Talented North Brunswick has high expectations this football season


Mike Cipot took over as the coach of the North Brunswick Township High School football program in 2017.

He was in command of a program that did not qualify for the state sectional playoffs in six years.

But North Brunswick broke that drought in Cipot’s first season, when the Raiders posted a 6-4 record and landed a berth in the Central Jersey, Group 5 playoffs.

 Cipot’s team lost to Freehold Township High School, 17-13, in the first round of the state playoffs, but it didn’t dampen the spirits of the team that had already enjoyed a successful season.

The Raiders won six games in 2017, which was a major step forward since they won a total of four games in the previous three seasons combined.

Fifteen starters are back for 2018, which will begin when North Brunswick opens the season against Saint Joseph Regional High School of Metuchen on Aug. 30 in North Brunswick.

Cipot expects the Raiders to build on last year’s success.

“We were trying to teach kids how to win. We exceeded that,” Cipot said. “The new theme is, ‘Good enough isn’t good enough.’ We can exceed six wins, win (the Greater Middlesex Conference) White Division and make noise in the playoffs. We certainly can with the guys we have back.”

They are a talented group.

Quarterback Christian Petrillo is the ideal point guard for Cipot’s spread offense.

“When it comes to football, I know what I’m doing,” Petrillo said. “I know when to fall, when to shovel pass, when to throw.”

“We can do a lot of different things with him,” Cipot said. “Run a spread. Zone read. Multiple spread. Empty. Trips. Doubles. Three in the backfield. Old school power football.”

North Brunswick runs a lot of sets, but the point of each is the same: Get running back Myles Bailey the ball.

The junior rushed for 1,500 yards and 16 touchdowns last fall. He is a Division 1 prospect with offers from Boston College and Syracuse. Other major college coaches are also in contact with Cipot.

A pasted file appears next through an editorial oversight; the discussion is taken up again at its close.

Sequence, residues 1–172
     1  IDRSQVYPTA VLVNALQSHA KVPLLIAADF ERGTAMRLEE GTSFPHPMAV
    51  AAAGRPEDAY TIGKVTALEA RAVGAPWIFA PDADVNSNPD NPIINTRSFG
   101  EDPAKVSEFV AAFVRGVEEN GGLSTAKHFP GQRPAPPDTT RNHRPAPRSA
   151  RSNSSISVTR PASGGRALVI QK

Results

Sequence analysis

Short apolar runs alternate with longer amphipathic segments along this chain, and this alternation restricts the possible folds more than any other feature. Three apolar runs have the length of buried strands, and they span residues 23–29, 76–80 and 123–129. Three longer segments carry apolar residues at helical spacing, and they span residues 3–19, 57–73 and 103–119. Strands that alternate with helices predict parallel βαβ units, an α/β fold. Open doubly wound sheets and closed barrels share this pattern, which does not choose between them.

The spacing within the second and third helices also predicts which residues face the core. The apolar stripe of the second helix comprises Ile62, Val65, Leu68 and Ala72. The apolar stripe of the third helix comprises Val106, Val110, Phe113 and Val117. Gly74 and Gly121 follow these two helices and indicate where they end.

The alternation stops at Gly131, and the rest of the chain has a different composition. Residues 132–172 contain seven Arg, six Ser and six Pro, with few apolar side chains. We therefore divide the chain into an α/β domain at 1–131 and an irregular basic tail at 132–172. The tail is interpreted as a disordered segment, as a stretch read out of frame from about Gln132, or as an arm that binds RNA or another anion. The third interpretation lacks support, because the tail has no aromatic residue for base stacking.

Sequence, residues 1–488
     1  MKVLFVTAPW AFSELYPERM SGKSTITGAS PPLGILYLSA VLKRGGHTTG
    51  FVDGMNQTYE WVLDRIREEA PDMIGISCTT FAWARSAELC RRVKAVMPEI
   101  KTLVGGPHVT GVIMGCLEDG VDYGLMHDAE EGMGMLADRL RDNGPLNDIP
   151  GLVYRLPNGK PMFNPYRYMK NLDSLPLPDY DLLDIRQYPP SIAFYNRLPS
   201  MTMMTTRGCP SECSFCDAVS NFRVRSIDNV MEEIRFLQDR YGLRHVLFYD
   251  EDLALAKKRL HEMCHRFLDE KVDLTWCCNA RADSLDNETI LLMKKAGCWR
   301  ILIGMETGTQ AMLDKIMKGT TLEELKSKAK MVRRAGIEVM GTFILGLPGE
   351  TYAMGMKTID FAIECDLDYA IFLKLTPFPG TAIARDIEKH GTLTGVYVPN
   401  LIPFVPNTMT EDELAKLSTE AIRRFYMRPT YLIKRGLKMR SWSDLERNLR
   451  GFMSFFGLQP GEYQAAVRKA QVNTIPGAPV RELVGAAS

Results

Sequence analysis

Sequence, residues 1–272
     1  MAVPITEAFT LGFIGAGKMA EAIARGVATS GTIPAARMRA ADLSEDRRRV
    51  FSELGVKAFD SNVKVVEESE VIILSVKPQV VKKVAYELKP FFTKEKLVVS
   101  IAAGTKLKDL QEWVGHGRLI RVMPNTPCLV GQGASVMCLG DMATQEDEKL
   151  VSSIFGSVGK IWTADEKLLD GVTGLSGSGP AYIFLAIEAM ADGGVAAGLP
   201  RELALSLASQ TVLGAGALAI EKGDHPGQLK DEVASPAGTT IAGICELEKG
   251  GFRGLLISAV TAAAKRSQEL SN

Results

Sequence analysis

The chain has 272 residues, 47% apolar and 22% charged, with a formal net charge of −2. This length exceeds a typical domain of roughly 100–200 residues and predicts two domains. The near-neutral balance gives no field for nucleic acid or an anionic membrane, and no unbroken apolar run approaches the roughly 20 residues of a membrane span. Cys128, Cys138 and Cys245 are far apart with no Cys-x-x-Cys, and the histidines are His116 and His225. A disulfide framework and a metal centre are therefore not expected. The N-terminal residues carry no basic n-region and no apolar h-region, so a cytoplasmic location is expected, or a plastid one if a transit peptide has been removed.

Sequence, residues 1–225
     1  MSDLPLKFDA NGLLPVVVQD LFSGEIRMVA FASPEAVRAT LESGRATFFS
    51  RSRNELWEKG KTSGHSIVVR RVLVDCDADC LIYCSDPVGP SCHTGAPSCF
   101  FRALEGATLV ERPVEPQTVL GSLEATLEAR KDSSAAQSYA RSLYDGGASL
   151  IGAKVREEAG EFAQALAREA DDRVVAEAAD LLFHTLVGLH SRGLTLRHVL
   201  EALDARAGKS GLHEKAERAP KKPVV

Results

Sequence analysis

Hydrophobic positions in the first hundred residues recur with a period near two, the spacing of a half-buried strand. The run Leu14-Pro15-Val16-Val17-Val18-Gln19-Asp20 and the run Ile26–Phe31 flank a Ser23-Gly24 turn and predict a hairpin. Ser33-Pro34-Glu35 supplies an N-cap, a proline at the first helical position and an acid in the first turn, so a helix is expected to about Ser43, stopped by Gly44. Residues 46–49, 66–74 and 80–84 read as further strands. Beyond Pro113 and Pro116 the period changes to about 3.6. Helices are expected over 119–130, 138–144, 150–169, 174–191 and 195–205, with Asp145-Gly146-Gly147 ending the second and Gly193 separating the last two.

“This kid is special,” Cipot said. “He’s the real deal.”

“I hit the hole. I never tip. The hole might just close,” Bailey said. “I can’t do it without my linemen, though.”

Cipot said North Brunswick lost three “very good (offensive) linemen” from 2017. But the two returning starters, Angel Gonzalez and Amaan Maiden, both started 10 games last year.

“Last year was my first year starting,” Gonzalez said. “This year I have to step it up even more.”

North Brunswick’s defense may be more talented than its offense.

Nose guard Tyshaun Parson is the Raiders’ strongest player. He benched a team-high 315 pounds at combine day on Aug. 7. Parson, who stands 5-10 and weighs 300 pounds, should be an inside force who can occupy double teams.

He should also open space for elite end Samod Wingo. The junior, who stands 6-4 and weighs in at 210 pounds, had 15.5 sacks in 2017, the 10th-highest total in New Jersey. Wingo didn’t even start the first two games.

“He’s very quick off the edge,” Cipot said.

Behind those guys, the Raiders have an active linebacker group. Outside backers Sean Breheney and Manny Herrera fly to the ball and make plays. Breheney led North Brunswick with 92 tackles last fall. Inside backer Chris Arnold Jr. is “very fast and physical,” Cipot said.

“Sean is always around the football,” Cipot added. “Herrera is physical but also is very smooth and athletic. He’s definitely a big, physical kid who makes plays.”

In the secondary, Bailey doubles as North Brunswick’s center fielder. And Brandon Outlaw is a shutdown cornerback.

“I can cover ground but I get help from the linebackers, so it makes my job easier,” Bailey said.

“Outlaw can shut down a guy, but he hits too,” Cipot said.

With all this talent, the Raiders have one goal.

“State championship,” Breheney said. “We have to keep working as hard as we do, keep hitting in practice and go out and bring the intensity.”